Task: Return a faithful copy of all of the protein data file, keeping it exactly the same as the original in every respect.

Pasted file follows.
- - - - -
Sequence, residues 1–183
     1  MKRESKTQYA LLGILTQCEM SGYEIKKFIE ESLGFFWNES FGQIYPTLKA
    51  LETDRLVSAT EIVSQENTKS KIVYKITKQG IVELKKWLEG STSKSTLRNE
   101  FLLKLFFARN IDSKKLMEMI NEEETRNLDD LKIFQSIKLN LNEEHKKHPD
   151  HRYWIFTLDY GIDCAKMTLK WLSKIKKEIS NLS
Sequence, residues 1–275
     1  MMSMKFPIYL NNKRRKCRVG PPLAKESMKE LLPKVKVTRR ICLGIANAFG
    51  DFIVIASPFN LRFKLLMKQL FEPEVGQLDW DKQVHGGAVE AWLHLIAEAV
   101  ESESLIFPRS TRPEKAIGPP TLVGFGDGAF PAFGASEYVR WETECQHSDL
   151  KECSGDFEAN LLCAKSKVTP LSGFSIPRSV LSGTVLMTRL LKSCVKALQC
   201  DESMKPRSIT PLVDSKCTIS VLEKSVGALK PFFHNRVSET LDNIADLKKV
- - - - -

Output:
Sequence, residues 1–183
     1  MKRESKTQYA LLGILTQCEM SGYEIKKFIE ESLGFFWNES FGQIYPTLKA
    51  LETDRLVSAT EIVSQENTKS KIVYKITKQG IVELKKWLEG STSKSTLRNE
   101  FLLKLFFARN IDSKKLMEMI NEEETRNLDD LKIFQSIKLN LNEEHKKHPD
   151  HRYWIFTLDY GIDCAKMTLK WLSKIKKEIS NLS
Sequence, residues 1–275
     1  MMSMKFPIYL NNKRRKCRVG PPLAKESMKE LLPKVKVTRR ICLGIANAFG
    51  DFIVIASPFN LRFKLLMKQL FEPEVGQLDW DKQVHGGAVE AWLHLIAEAV
   101  ESESLIFPRS TRPEKAIGPP TLVGFGDGAF PAFGASEYVR WETECQHSDL
   151  KECSGDFEAN LLCAKSKVTP LSGFSIPRSV LSGTVLMTRL LKSCVKALQC
   201  DESMKPRSIT PLVDSKCTIS VLEKSVGALK PFFHNRVSET LDNIADLKKV